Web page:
On-campus employment means working either on your campus or at an “educationally affiliated place.” The Department of Homeland Security states that for an off-campus location to be “educationally affiliated,” it needs to fulfill one of the two criteria below.

Linked with the established curriculum of the school.

Associated with the post-graduate level research projects that are funded contractually.

It’s important to highlight the second part of that definition because numerous colleges and universities spread their buildings and educational collaborations throughout the town.

In simple words, you can work right on your school’s campus, like in a cafeteria, bookstore, dorm, or library. Alternatively, you could work at an off-campus research lab connected to your school.

Rules For On-Campus Work For An F1 Student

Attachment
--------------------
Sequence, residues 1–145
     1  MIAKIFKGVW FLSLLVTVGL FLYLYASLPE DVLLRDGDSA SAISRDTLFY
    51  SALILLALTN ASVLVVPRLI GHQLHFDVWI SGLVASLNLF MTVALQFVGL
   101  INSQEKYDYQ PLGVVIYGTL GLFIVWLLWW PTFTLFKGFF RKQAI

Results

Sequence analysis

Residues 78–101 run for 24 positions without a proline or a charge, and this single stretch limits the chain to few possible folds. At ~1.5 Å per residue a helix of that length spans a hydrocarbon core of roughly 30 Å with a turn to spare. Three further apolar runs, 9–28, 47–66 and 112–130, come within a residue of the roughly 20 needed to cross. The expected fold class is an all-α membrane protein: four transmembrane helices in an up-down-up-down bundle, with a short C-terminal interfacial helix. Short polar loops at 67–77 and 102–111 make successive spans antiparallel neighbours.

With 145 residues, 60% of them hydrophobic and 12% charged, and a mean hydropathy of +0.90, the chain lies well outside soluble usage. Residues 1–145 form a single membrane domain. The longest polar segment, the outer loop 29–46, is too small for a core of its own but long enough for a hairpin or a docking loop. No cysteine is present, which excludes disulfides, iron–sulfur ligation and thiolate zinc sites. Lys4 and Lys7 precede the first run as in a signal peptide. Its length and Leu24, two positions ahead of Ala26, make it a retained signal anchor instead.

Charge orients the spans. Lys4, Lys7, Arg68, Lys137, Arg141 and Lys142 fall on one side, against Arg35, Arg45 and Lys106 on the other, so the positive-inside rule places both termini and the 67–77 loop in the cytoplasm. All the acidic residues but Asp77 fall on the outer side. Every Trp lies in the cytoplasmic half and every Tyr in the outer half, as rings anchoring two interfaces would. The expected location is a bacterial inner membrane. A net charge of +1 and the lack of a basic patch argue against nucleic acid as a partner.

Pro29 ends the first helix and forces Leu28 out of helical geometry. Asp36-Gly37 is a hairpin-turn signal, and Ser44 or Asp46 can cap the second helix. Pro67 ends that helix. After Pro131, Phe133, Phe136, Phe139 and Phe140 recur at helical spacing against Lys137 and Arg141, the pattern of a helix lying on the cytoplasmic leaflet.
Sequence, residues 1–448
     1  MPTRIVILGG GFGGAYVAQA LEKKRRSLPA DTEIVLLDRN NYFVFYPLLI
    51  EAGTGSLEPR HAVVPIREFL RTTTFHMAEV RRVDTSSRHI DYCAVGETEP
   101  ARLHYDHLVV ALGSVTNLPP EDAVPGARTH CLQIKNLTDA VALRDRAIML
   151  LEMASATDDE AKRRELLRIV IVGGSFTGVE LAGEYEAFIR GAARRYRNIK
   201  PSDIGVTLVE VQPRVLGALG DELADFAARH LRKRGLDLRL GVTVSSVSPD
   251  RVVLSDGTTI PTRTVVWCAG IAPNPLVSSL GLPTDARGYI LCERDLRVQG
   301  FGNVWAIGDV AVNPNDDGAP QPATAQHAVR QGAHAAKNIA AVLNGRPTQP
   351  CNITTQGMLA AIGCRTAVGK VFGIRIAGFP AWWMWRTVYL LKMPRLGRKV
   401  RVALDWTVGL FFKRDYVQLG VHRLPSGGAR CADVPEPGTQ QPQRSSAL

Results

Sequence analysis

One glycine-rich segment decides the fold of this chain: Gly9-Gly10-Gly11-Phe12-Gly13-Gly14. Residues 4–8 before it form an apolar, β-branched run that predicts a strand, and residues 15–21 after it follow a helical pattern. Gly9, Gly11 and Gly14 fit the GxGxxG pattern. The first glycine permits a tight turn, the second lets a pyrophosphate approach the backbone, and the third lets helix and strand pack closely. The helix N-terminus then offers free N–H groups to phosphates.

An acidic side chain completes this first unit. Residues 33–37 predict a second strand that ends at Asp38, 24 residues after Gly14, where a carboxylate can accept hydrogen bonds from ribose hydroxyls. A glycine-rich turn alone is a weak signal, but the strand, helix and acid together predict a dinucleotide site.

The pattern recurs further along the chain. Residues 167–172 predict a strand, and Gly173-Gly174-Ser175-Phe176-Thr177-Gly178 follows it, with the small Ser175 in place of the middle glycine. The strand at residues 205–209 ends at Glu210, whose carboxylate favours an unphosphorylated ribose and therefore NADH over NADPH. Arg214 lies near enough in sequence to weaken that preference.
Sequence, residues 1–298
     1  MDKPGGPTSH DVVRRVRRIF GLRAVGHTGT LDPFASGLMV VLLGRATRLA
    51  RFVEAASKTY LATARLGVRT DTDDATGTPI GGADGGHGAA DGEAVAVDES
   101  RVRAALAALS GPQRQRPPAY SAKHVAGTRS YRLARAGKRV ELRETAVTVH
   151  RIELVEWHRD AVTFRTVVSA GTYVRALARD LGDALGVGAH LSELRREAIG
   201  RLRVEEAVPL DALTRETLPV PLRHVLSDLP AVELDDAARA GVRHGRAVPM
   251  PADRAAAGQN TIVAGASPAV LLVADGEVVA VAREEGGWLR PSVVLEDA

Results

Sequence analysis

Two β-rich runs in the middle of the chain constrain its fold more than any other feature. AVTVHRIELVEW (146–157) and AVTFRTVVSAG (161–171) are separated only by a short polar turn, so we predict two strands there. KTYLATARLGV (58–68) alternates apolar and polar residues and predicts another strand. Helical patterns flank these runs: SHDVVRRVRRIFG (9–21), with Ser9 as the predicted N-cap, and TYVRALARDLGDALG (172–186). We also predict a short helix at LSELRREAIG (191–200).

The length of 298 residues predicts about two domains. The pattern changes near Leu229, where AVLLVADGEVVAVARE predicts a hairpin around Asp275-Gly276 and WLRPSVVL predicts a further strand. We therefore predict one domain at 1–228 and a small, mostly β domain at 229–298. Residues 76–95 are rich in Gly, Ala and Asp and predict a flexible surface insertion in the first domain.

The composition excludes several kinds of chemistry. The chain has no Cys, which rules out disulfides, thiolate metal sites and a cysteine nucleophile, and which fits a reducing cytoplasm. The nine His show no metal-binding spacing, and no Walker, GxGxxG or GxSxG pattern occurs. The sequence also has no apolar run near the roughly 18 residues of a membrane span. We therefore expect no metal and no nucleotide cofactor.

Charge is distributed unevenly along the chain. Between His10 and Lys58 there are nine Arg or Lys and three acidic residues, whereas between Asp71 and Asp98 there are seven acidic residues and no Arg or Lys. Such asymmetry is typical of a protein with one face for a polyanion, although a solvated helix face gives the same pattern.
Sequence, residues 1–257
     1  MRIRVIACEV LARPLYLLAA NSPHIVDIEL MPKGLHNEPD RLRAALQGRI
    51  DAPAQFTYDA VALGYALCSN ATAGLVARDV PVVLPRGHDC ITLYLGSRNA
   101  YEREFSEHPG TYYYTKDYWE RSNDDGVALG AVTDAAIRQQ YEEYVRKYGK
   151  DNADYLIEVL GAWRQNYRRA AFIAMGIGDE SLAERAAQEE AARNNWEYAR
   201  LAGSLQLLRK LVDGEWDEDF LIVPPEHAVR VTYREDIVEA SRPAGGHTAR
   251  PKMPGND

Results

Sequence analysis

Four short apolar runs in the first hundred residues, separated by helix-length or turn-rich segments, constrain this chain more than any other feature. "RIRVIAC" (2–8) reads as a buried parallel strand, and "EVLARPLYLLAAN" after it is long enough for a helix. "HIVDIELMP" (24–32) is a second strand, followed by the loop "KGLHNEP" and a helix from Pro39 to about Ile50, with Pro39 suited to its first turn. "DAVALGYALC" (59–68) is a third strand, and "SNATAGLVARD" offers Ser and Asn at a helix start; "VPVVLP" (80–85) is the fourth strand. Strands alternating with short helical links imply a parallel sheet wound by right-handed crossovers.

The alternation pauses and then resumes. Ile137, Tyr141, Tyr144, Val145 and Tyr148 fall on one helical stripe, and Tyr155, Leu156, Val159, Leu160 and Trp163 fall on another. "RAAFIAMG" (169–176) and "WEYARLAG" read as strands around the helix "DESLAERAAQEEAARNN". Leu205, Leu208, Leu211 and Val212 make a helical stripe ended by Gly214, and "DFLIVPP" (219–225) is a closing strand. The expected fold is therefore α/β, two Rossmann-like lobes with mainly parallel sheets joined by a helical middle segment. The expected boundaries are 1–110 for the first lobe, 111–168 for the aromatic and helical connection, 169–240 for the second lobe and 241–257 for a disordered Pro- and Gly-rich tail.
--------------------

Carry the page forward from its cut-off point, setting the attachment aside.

• You need to keep your F1 status valid.
  • The job cannot replace a living position held by a U.S. resident.
  • You can work twenty hours each week when school is in session.
  • If you plan to enroll in the next academic semester, you can work full-time at your school during vacation breaks and holidays.

Optional Practical Training (OPT)

International students studying in the United States on an F1 visa can work off-campus through optional practical training (OPT) during and after their degree. The United States Citizenship and Immigration Service (USCIS) sets the rules for OPT. You need approval from USCIS and the International Student Office of your school for any OPT job.

You can apply for optional practical training after 9 months of enrollment. However, you can only start working once you get your EAD (Employment Authorization Document) from USCIS and have been admitted for one year.

You can apply for your OPT Employment Authorization Document (EAD) without having a job offer beforehand, and you’re free to work anywhere in the United States. But be proactive—USCIS might take up to three months to process your application. So, applying early and contacting your school’s International Student Office for guidance is wise.